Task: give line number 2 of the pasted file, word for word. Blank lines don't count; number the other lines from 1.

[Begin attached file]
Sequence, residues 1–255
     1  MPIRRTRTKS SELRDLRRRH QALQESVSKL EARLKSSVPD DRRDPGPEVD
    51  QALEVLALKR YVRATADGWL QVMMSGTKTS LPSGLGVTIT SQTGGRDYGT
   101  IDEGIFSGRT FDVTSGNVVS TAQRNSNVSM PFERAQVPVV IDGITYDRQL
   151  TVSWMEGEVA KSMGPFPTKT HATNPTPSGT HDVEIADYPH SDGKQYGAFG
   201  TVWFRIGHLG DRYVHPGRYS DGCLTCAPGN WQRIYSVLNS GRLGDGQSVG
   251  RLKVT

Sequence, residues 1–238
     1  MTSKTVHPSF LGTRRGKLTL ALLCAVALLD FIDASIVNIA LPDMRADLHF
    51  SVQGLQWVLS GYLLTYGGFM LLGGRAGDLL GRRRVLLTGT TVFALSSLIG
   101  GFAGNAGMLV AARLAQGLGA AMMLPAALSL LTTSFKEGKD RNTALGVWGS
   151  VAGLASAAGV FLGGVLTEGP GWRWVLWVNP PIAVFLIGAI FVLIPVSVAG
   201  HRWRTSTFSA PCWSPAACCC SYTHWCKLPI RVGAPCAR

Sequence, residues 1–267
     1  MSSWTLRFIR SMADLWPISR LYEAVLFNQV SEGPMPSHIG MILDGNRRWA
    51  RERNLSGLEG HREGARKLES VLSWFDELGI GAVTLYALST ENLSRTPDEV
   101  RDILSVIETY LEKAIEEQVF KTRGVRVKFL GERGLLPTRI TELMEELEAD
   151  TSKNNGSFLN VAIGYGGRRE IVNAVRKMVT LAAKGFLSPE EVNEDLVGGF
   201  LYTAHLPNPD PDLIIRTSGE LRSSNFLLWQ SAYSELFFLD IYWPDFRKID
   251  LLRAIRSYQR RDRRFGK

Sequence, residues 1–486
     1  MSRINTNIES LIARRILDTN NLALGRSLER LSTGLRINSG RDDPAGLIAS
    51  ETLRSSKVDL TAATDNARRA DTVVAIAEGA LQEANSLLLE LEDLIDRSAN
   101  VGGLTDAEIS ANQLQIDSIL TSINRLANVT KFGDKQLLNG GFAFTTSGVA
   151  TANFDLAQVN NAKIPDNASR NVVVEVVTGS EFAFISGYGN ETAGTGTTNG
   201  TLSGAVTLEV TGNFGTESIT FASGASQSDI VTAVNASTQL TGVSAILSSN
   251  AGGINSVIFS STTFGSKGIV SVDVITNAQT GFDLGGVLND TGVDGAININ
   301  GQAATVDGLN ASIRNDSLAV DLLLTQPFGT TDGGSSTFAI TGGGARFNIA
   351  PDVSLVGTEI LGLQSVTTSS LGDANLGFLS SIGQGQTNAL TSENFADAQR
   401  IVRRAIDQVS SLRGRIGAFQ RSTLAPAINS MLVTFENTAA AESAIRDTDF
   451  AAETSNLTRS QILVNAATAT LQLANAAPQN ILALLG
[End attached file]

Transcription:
     1  MPIRRTRTKS SELRDLRRRH QALQESVSKL EARLKSSVPD DRRDPGPEVD